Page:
23 Jun Case Study: South Minneapolis Brick Patio
We worked with this growing family to create a beautiful front and backyard design that transformed their South Minneapolis outdoor space. The curb appeal was very low because of the small planting and unattractive lawn. The backyard had no established space for entertaining guests and the foundation plantings were haphazard and unwatered along the house. This was truly a blank slate.
The house was built in 1902 and our designer, Kent Gliadon, wanted to respect the history and beauty of this home with a red brick walkway and patio. The curvilinear nature of the walkway adds room for a planting area and guides visitors over to the patio nestled in the corner. The feature plant of this planting is the Tina Crab Tree. It blooms with beautiful white flowers each spring. The patio is approximately 14 ft by 20 ft. This is a perfect size for a grill (the client has an awesome grill) and furniture to entertain. There will also be room for a fire pit and other seating if they choose.
The front yard landscaping adds a formal touch with a hedge line of ‘chicagoland’ boxwoods and a row of ‘incredibal’ hydrangea. The annuals in the plant boxes add a colorful splash that welcome guests in. The lawn is irrigated in the front to ensure lush, green grass. All of the plants installed in the property are irrigated on a regular basis by dripline to encourage growth and health. The curb appeal of the home has gone from drab to fab.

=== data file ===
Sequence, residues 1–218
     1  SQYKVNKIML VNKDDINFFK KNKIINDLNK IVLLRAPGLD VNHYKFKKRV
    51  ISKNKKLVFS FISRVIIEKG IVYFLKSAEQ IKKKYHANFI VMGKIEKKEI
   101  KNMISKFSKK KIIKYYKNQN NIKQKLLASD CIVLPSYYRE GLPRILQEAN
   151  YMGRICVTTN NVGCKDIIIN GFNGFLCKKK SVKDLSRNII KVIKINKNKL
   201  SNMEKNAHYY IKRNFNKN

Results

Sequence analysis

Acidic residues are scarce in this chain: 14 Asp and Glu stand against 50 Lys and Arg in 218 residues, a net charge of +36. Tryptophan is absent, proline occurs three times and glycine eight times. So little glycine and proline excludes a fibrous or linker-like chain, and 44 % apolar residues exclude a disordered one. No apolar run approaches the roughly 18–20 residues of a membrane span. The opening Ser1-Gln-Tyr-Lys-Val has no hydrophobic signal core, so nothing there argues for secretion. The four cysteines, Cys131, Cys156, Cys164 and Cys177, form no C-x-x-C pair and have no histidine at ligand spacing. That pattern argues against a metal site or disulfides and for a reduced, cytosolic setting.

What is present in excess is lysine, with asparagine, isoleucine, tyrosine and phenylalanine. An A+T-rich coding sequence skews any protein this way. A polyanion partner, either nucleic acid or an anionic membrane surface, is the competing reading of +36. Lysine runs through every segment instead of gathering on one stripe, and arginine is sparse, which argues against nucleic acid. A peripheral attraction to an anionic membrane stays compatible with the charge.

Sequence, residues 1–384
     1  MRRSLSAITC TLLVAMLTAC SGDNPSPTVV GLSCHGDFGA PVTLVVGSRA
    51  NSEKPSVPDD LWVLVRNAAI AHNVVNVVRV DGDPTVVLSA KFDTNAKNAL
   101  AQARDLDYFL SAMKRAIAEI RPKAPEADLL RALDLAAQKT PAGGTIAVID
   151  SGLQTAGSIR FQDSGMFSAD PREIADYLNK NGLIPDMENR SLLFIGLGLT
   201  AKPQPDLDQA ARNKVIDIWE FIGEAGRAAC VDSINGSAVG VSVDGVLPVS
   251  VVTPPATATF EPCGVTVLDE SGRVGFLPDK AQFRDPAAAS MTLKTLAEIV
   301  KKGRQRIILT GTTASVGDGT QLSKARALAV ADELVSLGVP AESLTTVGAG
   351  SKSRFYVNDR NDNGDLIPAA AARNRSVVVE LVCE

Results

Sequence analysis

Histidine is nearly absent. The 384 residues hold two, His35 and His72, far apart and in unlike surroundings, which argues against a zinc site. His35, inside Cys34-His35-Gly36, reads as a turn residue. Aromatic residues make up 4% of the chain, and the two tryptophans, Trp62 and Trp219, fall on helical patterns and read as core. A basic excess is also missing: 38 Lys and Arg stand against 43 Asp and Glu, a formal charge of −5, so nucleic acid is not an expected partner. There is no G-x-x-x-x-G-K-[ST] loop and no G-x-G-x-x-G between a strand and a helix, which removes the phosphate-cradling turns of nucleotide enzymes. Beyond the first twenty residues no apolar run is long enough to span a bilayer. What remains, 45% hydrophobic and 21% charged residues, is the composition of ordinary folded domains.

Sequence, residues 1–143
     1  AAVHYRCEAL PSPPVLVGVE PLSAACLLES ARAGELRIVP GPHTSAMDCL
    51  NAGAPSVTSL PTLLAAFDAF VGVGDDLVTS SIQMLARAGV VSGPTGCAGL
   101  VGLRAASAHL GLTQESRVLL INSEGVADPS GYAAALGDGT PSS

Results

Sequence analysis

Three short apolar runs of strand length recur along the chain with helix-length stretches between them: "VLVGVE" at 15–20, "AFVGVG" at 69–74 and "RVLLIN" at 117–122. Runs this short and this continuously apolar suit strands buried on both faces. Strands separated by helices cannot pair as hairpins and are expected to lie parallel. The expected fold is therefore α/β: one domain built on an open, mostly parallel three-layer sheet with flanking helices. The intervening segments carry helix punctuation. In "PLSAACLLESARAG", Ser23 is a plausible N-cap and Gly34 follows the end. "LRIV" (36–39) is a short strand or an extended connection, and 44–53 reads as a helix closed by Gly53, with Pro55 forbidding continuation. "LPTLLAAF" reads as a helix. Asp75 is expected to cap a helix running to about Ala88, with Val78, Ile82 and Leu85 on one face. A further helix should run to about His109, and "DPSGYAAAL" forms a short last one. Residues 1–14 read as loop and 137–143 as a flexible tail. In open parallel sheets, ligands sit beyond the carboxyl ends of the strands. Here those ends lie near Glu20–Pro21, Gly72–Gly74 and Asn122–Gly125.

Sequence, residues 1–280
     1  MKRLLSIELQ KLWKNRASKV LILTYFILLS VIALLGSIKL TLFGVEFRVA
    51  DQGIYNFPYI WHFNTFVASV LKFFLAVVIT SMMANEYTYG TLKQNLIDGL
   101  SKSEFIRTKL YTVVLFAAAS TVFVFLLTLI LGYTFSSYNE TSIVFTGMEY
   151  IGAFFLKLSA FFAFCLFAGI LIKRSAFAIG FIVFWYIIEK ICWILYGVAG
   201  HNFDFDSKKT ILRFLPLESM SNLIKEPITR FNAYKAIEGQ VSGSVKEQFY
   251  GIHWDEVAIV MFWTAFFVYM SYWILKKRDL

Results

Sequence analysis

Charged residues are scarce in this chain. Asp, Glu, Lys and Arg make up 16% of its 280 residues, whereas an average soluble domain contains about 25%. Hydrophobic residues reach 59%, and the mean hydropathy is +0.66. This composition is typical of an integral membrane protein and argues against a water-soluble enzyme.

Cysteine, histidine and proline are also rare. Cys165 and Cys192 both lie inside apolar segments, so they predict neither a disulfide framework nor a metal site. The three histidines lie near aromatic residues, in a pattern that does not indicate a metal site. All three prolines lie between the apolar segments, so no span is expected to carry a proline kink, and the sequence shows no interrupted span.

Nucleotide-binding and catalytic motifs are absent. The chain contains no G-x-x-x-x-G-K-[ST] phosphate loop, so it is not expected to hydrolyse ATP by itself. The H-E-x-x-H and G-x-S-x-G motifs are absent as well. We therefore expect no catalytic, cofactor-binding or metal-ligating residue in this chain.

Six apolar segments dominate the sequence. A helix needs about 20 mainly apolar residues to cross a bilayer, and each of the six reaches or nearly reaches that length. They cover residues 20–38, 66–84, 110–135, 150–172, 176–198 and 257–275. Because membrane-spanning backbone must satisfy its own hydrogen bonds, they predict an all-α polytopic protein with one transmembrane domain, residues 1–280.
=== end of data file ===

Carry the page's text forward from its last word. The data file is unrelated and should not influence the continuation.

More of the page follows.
More Project Information
Location: South Minneapolis in the 50th and Lyndale area.
Timeframe: The project took just under two weeks to complete from beginning to end.
Materials: Red Courtyard Brick from Twin City Brick. Irrigation system including drip line in plant beds, rotor heads, and spray heads. Plants featuring a Tina Crab Tree, Knockout Rose Trees, and Chicagoland Boxwoods. Steel landscape edging around plant beds.
Notes from construction: We had never built a patio out of clay bricks before which was an interesting twist. The pattern of the brick is a herringbone which matches the formal nature of the front yard landscaping. A herringbone is also really easy to lay (not that that particularly matters but it’s good to know). Ensuring the walkway was level was a little bit of a challenge but we used a laser level (transit). The sprinkler system had a very smooth install and is expandable if/when the family decides to do more landscaping in the backyard.
This project was completed in June 2015 by KG Landscape Management.